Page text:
Each profile has its own settings, e.g. what the source/left directory is. However, in some cases you may want to share settings between several profiles. For example, you'll probably have the profiles log files emailed to the same email account. Instead of setting the email connection details for each profile it would be simpler to just set it once and then have those profiles use that one set of settings. That way, if the email login password changes (for example) then you only need to change it in one place instead of in each profile.
You can share the settings on the following profile settings pages:
•Variables (both for group and non-group profiles)
Creating New Shared Settings
To create new shared settings simply click the New button (in the Shared Settings box) and enter the unique name you wish to use for the shared settings, e.g. My FTP Server. Note that if you've made changes to the settings on the current settings page then they will be lost unless you apply (save) them first.
Copying Shared Settings
To copy existing shared settings simply create some new shared settings. The existing settings will be copied to the new shared settings.
Deleting Shared Settings
To delete existing shared settings simply click the Delete button (in the Shared Settings box) and choose the settings to delete. Note that you cannot delete shared settings that are being used, or shared settings that are set to be the default values.
Renaming Shared Settings
To rename existing shared settings simply click the Rename button (in the Shared Settings box) and enter the new name to use. Shared settings names must be unique, and also cannot use the name None. Renaming shared settings does not affect which profiles are using the shared settings.
Shared settings are not password protected, but profiles can be. You should be aware that if you have a password protected profile that is using shared settings, and another profile that is not password protected and using the same shared settings, then a user could change those shared settings via the unprotected profile.
An exported (or backed-up) copy of a profile will include a copy of any Shared Settings the profile is configured to use. If you re-Import such a profile, it will also import any Shared Settings configuration data as of the date of the Export. If you have made any edits to those particular Shared Settings in the meantime, those recent edits will be lost (overwritten) by the older set stored in the copy profile you just Imported. This is an inevitable consequence of storing those details on Export (but if those details were not stored, then an Import into a new system would be trying to reference Shared Settings that the backup copy does not include).
If you are using cloud services like Dropbox, or GMail, then you should use linked cloud accounts. If you are using cloud services that require a username and password, e.g. Amazon S3, or email services other than GMail, or FTP, then it's highly recommended that shared settings are used.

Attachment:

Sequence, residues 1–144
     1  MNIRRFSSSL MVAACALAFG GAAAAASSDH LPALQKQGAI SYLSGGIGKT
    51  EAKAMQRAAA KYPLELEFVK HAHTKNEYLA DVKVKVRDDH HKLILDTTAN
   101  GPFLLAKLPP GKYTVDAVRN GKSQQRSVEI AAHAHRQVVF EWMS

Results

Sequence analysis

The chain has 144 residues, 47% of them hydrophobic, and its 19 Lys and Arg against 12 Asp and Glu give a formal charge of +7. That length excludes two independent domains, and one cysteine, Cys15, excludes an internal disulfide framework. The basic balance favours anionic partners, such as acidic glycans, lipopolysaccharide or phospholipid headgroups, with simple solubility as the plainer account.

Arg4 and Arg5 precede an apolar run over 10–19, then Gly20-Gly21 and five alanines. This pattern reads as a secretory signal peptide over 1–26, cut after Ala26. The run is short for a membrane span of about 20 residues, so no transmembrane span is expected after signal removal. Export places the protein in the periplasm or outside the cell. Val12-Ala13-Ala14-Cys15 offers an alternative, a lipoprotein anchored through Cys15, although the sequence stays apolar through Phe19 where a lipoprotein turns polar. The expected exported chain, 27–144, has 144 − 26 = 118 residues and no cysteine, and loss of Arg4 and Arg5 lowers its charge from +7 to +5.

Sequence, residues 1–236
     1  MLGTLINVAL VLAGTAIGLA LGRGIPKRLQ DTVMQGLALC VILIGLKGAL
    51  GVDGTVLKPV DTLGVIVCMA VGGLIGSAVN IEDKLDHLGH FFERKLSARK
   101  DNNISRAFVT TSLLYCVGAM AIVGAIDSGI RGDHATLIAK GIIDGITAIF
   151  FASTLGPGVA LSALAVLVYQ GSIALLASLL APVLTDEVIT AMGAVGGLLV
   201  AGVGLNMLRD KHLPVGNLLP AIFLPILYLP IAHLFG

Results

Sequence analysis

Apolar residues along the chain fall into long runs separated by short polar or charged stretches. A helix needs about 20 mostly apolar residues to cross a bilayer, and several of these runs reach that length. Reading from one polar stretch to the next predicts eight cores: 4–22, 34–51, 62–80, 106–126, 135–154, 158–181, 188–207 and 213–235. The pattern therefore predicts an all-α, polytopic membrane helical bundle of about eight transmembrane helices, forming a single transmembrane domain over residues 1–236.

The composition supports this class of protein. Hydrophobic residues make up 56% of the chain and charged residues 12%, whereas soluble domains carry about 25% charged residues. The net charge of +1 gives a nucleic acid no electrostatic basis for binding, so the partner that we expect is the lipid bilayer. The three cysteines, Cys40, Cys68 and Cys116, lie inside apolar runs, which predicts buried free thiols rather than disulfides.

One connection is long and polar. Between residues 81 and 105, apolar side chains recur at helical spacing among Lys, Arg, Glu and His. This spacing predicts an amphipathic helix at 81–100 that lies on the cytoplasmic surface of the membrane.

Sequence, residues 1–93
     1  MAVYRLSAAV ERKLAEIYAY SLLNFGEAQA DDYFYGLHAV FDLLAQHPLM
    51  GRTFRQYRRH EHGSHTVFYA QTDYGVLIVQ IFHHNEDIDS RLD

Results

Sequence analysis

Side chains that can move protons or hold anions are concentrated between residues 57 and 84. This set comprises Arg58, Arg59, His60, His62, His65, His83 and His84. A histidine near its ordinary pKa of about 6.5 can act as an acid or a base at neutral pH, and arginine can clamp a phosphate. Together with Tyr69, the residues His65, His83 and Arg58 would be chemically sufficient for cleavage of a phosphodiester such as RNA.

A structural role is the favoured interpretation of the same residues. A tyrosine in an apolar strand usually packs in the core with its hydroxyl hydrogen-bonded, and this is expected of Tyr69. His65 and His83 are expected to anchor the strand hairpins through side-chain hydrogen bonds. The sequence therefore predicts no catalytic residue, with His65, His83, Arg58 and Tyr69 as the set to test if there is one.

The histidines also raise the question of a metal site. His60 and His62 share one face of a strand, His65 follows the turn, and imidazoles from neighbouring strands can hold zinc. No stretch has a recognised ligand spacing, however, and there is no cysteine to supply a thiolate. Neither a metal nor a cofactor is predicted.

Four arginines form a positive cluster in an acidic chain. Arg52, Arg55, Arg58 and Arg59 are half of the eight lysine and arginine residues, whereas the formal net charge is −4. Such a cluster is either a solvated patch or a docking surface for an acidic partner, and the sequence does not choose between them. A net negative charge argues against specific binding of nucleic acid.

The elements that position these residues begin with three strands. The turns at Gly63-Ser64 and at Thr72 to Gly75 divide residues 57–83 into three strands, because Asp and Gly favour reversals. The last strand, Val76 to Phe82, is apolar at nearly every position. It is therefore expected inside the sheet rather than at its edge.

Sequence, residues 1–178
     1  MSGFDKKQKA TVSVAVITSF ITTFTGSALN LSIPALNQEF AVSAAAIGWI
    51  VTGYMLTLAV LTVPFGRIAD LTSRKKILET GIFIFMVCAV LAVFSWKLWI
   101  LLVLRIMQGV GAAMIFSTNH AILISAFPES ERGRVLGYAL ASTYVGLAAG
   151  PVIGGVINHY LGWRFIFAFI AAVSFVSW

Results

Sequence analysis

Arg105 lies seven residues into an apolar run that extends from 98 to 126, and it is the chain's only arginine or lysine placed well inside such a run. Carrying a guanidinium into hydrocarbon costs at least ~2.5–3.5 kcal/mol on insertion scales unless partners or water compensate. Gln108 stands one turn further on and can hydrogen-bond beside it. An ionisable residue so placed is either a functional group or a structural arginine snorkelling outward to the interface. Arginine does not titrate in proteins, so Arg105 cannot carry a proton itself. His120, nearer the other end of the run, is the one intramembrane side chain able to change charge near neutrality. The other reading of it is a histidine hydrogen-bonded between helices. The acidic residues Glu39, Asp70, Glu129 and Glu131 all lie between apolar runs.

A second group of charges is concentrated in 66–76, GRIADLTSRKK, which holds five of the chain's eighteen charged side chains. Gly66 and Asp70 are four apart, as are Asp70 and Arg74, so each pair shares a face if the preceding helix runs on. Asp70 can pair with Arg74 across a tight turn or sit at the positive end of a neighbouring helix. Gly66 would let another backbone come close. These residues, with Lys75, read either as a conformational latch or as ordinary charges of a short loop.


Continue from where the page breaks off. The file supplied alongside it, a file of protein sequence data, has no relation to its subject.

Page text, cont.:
For FTP, email and cloud services that use a username and password, it makes sense to use shared settings simply because passwords change, and if you are using shared settings then if you change your login password then you only need to update it for one of your profiles and it will be updated in all of them (that use the same shared setting).
For cloud it is especially important to use linked cloud accounts because of the way the security systems work. With cloud services you usually don't connect using a username and password. You need to login to your cloud account (using a browser) and then give permission to the application (like SyncBackPro) to use the cloud service. This means the application does not have your cloud username and password but instead gets a special token. The application uses this token to access your cloud files. This token can be revoked by you so stopping that application from accessing your cloud account. These tokens can also expire and need to be refreshed by the application periodically. Because of this using linked cloud accounts for cloud profiles ensures that all your profiles (using the same cloud account) will share that same token. When that token is refreshed then all the profiles will use that new token.
With some cloud services, e.g. Box, this is critically important because each application is only allowed one token. So if you have two Box profiles, and are not using a linked account, then if one of the profiles has to refresh the token then it will have a valid token while the other profile will now be using an old and now invalid token. When that profile runs it will need to authorize itself again, which now stops the other profile from working. However, if both profiles are using the same linked account then they'll always be using the correct token.
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